You get a very large, free deduction from Uncle Sam

It’s not unique to Merchant Seamen. It’s the standard deduction. Many years ago, our selfless leaders took it upon themselves to provide a deduction that would be representative of the cost of living. Now a days it’s about $6,000 for single individuals. You are allowed to use this deduction on your tax return as an offset.

Basic Tax Formula -

  1. Income – you take any income that is not excluded and combine it
  2. Adjustments – you deduct any adjustments (student loan interest, etc…) that you are entitled to
  3. Standard or Itemized Deduction – you subtract your standard or itemized deduction (whichever is larger) from your adjusted gross income (AGI)
  4. Taxable Income – After the previous offsets we go into the tax tables and determine your tax… We’ll stop at this point…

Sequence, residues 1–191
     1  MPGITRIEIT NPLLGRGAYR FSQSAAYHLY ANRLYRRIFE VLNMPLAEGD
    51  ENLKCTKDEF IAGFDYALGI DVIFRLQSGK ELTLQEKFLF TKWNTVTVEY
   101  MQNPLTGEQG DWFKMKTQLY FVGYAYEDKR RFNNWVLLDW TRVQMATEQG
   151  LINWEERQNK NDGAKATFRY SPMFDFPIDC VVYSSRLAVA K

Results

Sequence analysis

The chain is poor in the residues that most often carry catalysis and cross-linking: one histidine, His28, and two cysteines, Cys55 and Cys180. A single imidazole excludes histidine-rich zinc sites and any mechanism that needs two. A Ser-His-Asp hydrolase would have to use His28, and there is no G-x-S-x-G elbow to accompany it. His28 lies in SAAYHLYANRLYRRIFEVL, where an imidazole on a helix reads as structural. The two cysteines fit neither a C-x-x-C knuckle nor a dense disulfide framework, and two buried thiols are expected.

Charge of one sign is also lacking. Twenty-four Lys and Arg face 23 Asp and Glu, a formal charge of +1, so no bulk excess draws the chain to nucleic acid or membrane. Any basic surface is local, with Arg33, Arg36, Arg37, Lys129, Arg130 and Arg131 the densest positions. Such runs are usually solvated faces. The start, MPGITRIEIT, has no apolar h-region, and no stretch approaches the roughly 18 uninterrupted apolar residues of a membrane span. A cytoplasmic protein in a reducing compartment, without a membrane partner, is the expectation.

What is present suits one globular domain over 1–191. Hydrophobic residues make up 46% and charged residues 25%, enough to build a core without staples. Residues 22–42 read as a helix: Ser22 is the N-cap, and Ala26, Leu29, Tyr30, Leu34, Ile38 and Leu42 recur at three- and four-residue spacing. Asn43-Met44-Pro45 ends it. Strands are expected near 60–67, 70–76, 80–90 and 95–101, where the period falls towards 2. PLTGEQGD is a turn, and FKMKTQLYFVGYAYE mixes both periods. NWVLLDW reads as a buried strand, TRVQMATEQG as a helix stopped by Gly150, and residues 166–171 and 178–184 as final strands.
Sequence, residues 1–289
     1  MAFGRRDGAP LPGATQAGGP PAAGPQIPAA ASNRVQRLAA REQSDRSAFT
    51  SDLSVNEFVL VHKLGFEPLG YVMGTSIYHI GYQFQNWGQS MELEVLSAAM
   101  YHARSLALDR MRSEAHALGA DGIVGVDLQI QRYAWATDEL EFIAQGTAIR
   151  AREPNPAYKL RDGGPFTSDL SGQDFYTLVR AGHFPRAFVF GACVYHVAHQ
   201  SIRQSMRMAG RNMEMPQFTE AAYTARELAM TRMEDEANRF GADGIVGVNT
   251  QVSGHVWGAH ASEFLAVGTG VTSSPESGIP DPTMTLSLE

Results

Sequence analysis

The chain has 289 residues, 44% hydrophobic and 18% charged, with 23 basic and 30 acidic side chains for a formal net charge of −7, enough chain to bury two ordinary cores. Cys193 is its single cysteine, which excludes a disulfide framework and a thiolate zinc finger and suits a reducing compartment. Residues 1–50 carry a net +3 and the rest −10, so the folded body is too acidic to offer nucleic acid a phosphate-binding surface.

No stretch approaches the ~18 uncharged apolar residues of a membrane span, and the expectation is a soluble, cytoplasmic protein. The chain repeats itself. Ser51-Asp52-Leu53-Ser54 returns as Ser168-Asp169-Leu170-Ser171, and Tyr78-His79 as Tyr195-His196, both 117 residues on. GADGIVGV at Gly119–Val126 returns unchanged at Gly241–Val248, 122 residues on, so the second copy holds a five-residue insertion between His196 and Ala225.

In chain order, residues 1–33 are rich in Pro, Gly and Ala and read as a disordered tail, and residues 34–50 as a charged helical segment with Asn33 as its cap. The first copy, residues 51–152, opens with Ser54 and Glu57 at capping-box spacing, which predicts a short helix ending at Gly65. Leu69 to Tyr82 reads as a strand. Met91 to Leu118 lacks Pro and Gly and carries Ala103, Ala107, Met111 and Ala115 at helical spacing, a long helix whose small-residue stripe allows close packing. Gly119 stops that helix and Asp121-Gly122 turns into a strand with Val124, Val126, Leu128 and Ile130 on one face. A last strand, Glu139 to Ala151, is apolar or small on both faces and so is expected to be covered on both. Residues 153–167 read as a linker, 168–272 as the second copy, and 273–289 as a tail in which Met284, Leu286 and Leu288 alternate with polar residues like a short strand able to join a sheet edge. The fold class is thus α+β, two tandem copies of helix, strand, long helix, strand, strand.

Important terms…

  1. Marginal Tax Rate (MTR) – the rate at which (more…)

Do Mariners Pay State Taxes?

2
by on November 5, 2010 at 6:50 pm

Does Residence Determine Liability?

First, let’s start with the basics. If you weren’t working as a Merchant Seaman and you worked in a State, you would be liable for State income taxes to the state you worked in.

Say Billy is a plumber. He lives in Massachusetts and works in Rhode Island. He would file and pay taxes to Rhode Island as a non-resident.

Does Billy Get Taxed Twice Then?

Usually not. Your State of residence generally allows a credit for taxes paid to another State. There’s two instances where this could be an issue.

  1. You live in New Hampshire and work in Massachusetts. You would pay Massachusetts income taxes as a non-resident. You wouldn’t be able to deduct the taxes paid in New Hampshire as that State has NO income tax.
  2. You live in a State with a lower tax rate than the State you work in. Generally your credit can only equal the amount that would have been due in your State of residence.

Then why aren’t mariners taxed this way?

Understand it isn’t because you have a Z-Card. It is because of the nature of your employment. When we dive into USCS Section 46 we find a section that specifically addresses the State taxation of mariners.